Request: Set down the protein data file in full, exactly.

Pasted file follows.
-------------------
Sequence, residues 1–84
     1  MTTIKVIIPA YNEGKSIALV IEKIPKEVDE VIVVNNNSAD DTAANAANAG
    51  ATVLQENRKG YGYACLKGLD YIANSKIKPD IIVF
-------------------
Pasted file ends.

Sequence, residues 1–84
     1  MTTIKVIIPA YNEGKSIALV IEKIPKEVDE VIVVNNNSAD DTAANAANAG
    51  ATVLQENRKG YGYACLKGLD YIANSKIKPD IIVF